Amateur Prospect League stars to face Canada
Junior National team travels south to Dominican Republic for second time
The top teens from the Great White North are going back to the Caribbean.
For the second consecutive year, Canada's 18-and-under Junior National team will travel to the Dominican Republic to take on some of the island's top talent playing in Major League Baseball's Amateur Prospect League.
The exhibition game is scheduled for Thursday at Estadio Quisqueya in Santo Domingo. MLB's team will be primarily made up of prospects eligible to sign with Major League clubs when the international signing period begins July 2.
"It's great to see the players in this type of setting against good competition like Canada, and I'm excited to see how they fare," said Joel Araujo, manager of Latin American game development for MLB. "It's a win-win. It's a great evaluation tool for the scouts and clubs, and it can only help the players in terms of development. This is consistent with what we are trying to accomplish from a central office standpoint."
Last year was a banner year for Major League Baseball in its efforts in Latin America. MLB held its first international showcase in February, with 25 prospects from the Dominican Republic and Venezuela. And a month later, MLB created the Amateur Prospect League for teenage prospects. It capped off league play last May with a visit from the Canadian Junior National team, and resumed play in July for players eligible to sign in 2013.
Other MLB Amateur Prospect League highlights in 2012 included an event in Venezuela and a showcase at Tetelo Vargas Stadium in San Pedro de Macoris, Dominican Republic. MLB also hosted a four-day tournament that featured amateur teams from the Dominican Republic, Puerto Rico and USA Baseball in Santo Domingo last summer.
Four months ago, MLB held its second annual international showcase in San Cristobal, Dominican Republic, featuring more than 50 prospects from the Dominican Republic, Venezuela, Colombia and Panama.
"Scouts have seen these players quite a bit this year and have been able to follow their progress," Araujo said. "Our goals are to provide prospects the opportunity for prospects to play games leading up to the July 2 signing period and provide a neutral setting where scouts can evaluate. We feel like we've made strides in that area."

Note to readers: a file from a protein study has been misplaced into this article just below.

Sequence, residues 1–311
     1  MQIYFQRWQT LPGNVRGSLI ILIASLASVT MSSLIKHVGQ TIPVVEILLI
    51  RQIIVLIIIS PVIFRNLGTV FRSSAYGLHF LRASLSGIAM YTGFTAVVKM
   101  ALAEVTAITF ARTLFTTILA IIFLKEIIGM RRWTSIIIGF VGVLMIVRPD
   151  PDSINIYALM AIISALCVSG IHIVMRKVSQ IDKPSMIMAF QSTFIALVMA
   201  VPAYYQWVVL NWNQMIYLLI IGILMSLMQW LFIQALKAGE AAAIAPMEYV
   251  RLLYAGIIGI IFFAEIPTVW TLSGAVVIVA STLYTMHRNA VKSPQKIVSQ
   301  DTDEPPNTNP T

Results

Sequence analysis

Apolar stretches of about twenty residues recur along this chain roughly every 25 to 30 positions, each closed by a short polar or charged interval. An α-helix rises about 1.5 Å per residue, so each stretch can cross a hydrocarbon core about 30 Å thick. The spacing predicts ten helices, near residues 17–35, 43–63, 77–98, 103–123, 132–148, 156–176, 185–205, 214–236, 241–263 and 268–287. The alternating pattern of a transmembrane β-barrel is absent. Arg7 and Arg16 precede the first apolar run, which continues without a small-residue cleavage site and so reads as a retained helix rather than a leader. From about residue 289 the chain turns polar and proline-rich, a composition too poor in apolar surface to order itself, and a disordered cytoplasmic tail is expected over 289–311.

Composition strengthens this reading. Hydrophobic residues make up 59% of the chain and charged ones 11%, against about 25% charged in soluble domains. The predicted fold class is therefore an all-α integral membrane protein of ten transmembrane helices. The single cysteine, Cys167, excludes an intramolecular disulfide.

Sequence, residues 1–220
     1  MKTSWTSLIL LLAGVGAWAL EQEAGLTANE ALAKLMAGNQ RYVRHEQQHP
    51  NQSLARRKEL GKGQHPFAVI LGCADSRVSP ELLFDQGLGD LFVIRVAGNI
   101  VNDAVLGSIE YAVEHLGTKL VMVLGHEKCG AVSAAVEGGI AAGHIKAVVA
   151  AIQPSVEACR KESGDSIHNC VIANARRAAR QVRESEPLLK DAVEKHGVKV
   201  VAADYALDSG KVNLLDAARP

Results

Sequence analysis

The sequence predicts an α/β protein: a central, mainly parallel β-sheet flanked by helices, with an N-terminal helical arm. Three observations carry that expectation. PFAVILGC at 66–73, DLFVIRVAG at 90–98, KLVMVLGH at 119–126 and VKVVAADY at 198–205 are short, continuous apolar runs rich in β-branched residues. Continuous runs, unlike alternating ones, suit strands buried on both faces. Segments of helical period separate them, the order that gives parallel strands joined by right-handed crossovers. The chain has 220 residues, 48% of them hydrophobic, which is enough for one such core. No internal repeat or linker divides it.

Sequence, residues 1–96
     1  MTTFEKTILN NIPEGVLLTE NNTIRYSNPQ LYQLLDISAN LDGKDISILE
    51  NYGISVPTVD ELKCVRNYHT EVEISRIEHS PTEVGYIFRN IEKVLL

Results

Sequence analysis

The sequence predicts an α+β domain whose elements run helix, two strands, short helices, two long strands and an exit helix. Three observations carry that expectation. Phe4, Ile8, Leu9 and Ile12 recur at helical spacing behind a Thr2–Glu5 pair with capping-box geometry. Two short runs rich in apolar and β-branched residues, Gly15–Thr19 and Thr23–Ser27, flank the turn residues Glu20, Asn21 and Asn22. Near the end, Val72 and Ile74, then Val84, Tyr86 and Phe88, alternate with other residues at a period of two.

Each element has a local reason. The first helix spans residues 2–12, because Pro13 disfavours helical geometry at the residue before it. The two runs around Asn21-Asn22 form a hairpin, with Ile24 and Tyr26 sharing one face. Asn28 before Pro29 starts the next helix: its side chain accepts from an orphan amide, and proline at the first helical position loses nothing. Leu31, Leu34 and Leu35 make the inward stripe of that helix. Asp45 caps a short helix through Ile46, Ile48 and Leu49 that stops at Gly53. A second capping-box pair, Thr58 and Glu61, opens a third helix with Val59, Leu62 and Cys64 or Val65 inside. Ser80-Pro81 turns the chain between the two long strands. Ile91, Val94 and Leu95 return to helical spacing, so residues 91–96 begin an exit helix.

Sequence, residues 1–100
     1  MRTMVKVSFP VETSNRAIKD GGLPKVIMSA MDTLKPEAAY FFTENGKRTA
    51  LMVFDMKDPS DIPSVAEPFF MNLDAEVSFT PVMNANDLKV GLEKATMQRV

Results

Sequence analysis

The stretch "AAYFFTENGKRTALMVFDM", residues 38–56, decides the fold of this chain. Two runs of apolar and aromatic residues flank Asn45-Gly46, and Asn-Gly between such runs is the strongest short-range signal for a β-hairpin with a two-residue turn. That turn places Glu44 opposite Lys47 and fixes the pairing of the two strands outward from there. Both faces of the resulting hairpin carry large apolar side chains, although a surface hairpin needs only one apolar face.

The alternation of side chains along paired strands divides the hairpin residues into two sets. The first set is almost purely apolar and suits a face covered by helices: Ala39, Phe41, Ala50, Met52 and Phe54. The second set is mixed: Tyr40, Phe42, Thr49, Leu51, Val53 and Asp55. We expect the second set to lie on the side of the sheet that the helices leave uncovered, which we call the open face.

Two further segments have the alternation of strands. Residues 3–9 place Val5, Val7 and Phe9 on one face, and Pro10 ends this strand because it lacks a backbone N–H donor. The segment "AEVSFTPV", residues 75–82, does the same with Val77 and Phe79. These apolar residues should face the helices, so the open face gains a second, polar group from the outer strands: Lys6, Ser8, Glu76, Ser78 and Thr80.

In accordance with the Collective Bargaining Agreement, each club was allotted $2.9 million to spend on the international market in the signing period that began last July 2. This July's international signing period will work similar to last year's, but the amounts that clubs will be allowed to spend is based on their records in the 2012 season. The pools will range from just under $4.25 million for the Astros, which had the lowest winning percentage, to just under $1.15 million for Washington, which had the highest winning percentage.
Each team is allotted a $700,000 base. In addition to that base, the team gets a signing bonus pool that is made up of four slot values, based on its 2012 record. Additionally, clubs will be allowed to trade pool money.
Like last year, there are exemptions. Clubs can sign six players for bonuses of $50,000 or less, and those do not count against the pool. All bonuses of $10,000 or less are also exempt.
The international signing guidelines do not apply to players who previously signed a contract with a Major or Minor League club, nor do they apply to players who are least 23 years old and have played as a professional in a league recognized by the Commissioner's Office for a minimum of five seasons. Cuban players who are at least 23 and have played in a Cuban professional league for three or more seasons are also exempt.
"It's always an exciting time of the year because of the possibility of becoming a professional," Araujo said. "You see their excitement and you can't help but get excited, too. This year's crop is pretty good, and eligibility week is always a really big deal."